FIG. 3 shows a flow diagram that illustrates an example of a co-extrusion process for forming an input platform in accordance with some embodiments.
Described are co-extruded materials and methods for forming co-extruded materials. The described methods are useful in forming parts having associated images. The images are formed simultaneously and as an element of the part itself.
More specifically, the images thus formed may be more durable than images formed from conventional printing techniques, which may be rubbed off when exposed to physical wear since the images are formed only on a surface of the part. Further, unlike images applied to parts in label or film form, the images may be exposed to physical wear without the worry that the image will peel off or otherwise separate from the part. Additionally, the images may be formed using a range of materials, including materials that cannot be used in double-shot molding techniques, for example ceramics.
Further, the co-extrusion methods eliminate the requirement of forming icons on each input device separately and individually, one-by-one. Instead, a base extrusion material and one or more image co-extrusion materials are provided. The base extrusion material and the co-extrusion materials may be co-extruded through a die. Cross-sectional parts may be removed from the extrusion by cutting, slicing or other techniques (somewhat similar to slicing a loaf of bread into individual slices). Each of these thinner cross-sectional parts contains both the base co-extrusion material and image co-extrusion materials.
In an extrusion process, a continuous workpiece may be produced by forcing molten or hot material through a shaped orifice, i.e., the extrusion process may produce a length of a particular cross-sectional shape. The cross-sectional shape of the workpiece may be controlled at least in part by the shaped orifice. As the shaped workpiece exits the orifice, it may be cooled and thereafter cut to a desired length forming a product part. This process may be used to continuously produce parts with a desired cross sectional shape profile.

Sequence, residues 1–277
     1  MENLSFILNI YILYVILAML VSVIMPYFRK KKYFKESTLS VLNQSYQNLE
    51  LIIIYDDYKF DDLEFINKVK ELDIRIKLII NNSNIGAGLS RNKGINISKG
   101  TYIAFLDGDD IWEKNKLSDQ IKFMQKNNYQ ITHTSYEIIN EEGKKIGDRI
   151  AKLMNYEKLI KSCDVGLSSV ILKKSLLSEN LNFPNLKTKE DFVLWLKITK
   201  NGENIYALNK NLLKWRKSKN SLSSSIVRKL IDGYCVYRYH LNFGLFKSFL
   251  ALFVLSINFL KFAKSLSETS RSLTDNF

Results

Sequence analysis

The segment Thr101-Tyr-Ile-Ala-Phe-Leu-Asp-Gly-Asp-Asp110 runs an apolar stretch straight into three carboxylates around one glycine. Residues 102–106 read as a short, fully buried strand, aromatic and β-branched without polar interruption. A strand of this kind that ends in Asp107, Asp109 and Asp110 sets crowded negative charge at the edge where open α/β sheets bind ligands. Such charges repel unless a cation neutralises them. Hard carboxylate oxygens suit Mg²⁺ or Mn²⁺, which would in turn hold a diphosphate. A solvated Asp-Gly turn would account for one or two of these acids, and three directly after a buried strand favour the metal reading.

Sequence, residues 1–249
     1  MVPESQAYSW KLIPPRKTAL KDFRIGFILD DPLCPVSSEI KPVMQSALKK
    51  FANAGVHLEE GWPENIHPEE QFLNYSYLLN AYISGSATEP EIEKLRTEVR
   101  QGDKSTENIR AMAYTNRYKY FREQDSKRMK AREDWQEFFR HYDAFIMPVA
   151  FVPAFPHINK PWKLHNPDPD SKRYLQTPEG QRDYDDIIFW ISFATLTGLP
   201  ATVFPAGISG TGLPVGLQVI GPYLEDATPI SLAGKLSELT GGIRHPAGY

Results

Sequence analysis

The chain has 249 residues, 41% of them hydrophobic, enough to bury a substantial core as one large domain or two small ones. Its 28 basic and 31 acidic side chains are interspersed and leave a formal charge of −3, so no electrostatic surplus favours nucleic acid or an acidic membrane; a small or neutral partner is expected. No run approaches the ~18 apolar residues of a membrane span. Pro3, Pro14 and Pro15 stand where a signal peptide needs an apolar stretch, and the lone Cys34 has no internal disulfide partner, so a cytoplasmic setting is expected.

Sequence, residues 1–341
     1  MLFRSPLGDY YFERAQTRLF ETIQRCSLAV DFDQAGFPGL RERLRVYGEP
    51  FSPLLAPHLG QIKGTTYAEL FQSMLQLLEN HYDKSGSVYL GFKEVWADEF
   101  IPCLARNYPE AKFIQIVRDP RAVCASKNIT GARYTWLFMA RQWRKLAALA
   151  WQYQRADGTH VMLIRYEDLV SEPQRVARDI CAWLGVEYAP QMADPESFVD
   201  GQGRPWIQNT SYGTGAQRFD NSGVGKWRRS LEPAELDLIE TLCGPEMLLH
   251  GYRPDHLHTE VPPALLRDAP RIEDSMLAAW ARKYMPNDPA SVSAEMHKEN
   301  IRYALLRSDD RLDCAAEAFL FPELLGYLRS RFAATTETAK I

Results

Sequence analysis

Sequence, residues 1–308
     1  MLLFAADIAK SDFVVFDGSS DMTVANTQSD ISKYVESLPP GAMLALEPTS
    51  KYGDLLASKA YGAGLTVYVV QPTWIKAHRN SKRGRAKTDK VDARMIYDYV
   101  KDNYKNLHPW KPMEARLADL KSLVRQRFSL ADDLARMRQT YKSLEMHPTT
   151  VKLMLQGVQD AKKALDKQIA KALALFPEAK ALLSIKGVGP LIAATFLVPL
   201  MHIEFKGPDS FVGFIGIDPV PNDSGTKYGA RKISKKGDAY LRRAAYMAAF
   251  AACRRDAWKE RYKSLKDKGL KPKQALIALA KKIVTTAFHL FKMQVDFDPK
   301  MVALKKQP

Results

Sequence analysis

In a co-extrusion process, two or more materials may be extruded through a single die that has multiple orifices. The multiple orifices may be configured so that the longitudinally extruded materials merge and weld together during the extrusion process. In some embodiments, the various materials may be fed to the die from separate extruders, which may be configured to supply material to a single or multiple orifices. The co-extrusion process may be widely varied. The design of the extrusion die and orifices may be useful in ensuring that homogenous densities are produced with the various materials.
In one embodiment, a co-extrusion die may include a main orifice that defines the outer shape of a continuous length of workpiece and one or more inner orifices positioned within the main orifice that define various images within the continuous length or workpiece. In one example, a first extruder may supply material to the main orifice and a second extruder may supply material to the one or more inner orifices. Alternatively, in cases where there are multiple inner orifices, different extruders may supply similar or different materials to different corresponding inner orifices. In one example, each inner orifice may define a unique image within the overall extruded product formed from the main orifice.
The images may, for example, correspond to logos, icons or other graphic representations, including words, numbers, letters, and/or figures.
The base material and the images may have at least one different attribute so that the designs may be differentiated from the remaining portions of the workpiece. The attribute may, for example, be color or texture. For example, one material may be black while the other may be white.
The co-extrusion process may allow for a variety of materials to be used. In some embodiments the materials being extruded together may be similar. The materials, for example, may differ only in color or may include one or more of the same base ingredients. In other embodiments the materials being extruded together may be dissimilar.
A wide variety of materials may be co-extruded. These materials may include, for example, metals, metal alloys, plastics, ceramics and/or the like. By way of example, the metals may correspond to aluminum, titanium, steel, copper, etc., the plastic materials may correspond to polycarbonate, ABS, nylon, etc, and the ceramic materials may correspond to alumina, zirconia, etc.